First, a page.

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October 22, 2021

In this article, we’ll discover data manipulation statements used to modify data in the SQL server using the INSERT, UPDATE, DELETE, and MERGE statements.

These are also called DML (Data Manipulation Language) statements. In this article you’ll learn to use these data modification statements to add, modify, and remove data.  Finally, we’ll wrap up the discussion with MERGE.

All the examples for this lesson are based on Microsoft SQL Server Management Studio and the AdventureWorks2012 database.  You can get started using these free tools using my Guide Getting Started Using SQL Server.

Adding Rows

Use the INSERT statement is to add one or more rows to a database table.

You can insert data either one row at a time or in bulk by adding rows from one table to another.

Place the INSERT statement, like other DML statements, within a transaction.  Based on the success of the transaction you can either COMMIT or ROLLBACK the changes.

You’ll find using transactions are important once you start stringing multiple data modification statements into a single operation.

Using @@ROWCOUNT

The @@ROWCOUNT is updated and available immediately after each DML statement execution.

The basic structure of the INSERT statement is

INSERT INTO tableName
(column1, column2, …)
VALUES (value1, value2, …)

As you can see the basic structure for the insert statement is to:

  1. specify the table we wish to insert rows into
  2. the columns we wish to populate
  3. the values to insert.

Example with Transaction

Let’s look at a specific example.  In this simple example, we’re going to insert a row into the Department table.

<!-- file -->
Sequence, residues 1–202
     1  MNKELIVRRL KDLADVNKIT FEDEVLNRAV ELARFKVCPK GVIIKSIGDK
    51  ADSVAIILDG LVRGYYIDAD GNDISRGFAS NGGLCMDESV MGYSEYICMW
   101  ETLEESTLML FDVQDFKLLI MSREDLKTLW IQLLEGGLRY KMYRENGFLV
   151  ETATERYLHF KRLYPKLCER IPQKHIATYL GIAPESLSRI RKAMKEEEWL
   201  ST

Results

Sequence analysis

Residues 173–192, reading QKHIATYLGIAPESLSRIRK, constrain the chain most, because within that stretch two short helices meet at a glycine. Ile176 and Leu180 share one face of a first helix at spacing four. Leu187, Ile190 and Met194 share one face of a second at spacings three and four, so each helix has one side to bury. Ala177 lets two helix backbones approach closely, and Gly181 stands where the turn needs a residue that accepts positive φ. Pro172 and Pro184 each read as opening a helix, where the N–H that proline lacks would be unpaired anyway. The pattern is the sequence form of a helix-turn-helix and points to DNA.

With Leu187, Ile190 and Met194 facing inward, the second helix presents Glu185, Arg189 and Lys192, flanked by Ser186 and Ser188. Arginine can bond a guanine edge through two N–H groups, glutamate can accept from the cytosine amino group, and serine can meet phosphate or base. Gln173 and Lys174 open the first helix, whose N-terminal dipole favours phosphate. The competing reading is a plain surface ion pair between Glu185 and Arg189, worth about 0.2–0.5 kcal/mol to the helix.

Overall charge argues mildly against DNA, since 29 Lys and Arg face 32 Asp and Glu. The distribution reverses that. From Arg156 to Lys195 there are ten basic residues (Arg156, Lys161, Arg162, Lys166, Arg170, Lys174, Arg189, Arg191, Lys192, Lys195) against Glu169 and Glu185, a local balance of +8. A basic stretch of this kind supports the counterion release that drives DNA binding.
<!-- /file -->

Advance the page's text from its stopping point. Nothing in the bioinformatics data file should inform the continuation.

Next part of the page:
Notice that we’re specifying the table, columns, and values we wish to insert.

BEGIN TRANSACTION
INSERT INTO HumanResources.Department (Name, GroupName)
VALUES ('Risk Management', 'Executive General and Administration')

SELECT Name, GroupName
FROM HumanResources.Department
ROLLBACK

When you run this you see the newly inserted row below

data modification insert statement results

You may be wondering why I have wrapped my example in a transaction.  I did this so I don’t permanently save my changes.  If I didn’t, I could only run this particular example once!

Start transaction with BEGIN TRANSACTION and reverse any unwanted changes with ROLLBACK.

It is a good trick you can use when you want to test out an insert but don’t want it to persist.  Of course, you should test any data modification operations within your development or test environment!  Never test within your production environment.  

If you want to dig deeper, then check out my article Introduction to the Insert Statement.

Updating Rows

You can change one or more database rows using the UPDATE statement.

Since the update statement can affect one or more rows, you should take great care in making sure your updating the rows you wish!

Like the INSERT statement, the update can be part of a transaction.  Based on the success of the transaction you can either COMMIT or ROLLBACK the changes.

Once an UPDATE statement completes, @@ROWCOUNT is updated to reflect the number of rows affected.

The basic structure of the UPDATE statement is

UPDATE tableName
 SET column1=value1, column2=value2,...
 WHERE filterColumn=filterValue

The UPDATE statement is typically in three parts:

  1. The tableName to update
  2. The SET clause which specifies the columns to update
  3. The WHERE clause, which specifies which rows to include in the update operation.

Update Example

Let’s look at a specific example.  In this simple example, we’re going to update a row into the Department table.

Let assume that the director of Human Resources wants to change the Information Services department name to Information Technology.

Here is the UPDATE statement you could use:

BEGIN TRANSACTION
UPDATE HumanResources.Department
SET    Name = 'Information Technology'
WHERE  DepartmentID = 11

SELECT DepartmentID, Name, GroupName
FROM   HumanResources.Department
ROLLBACK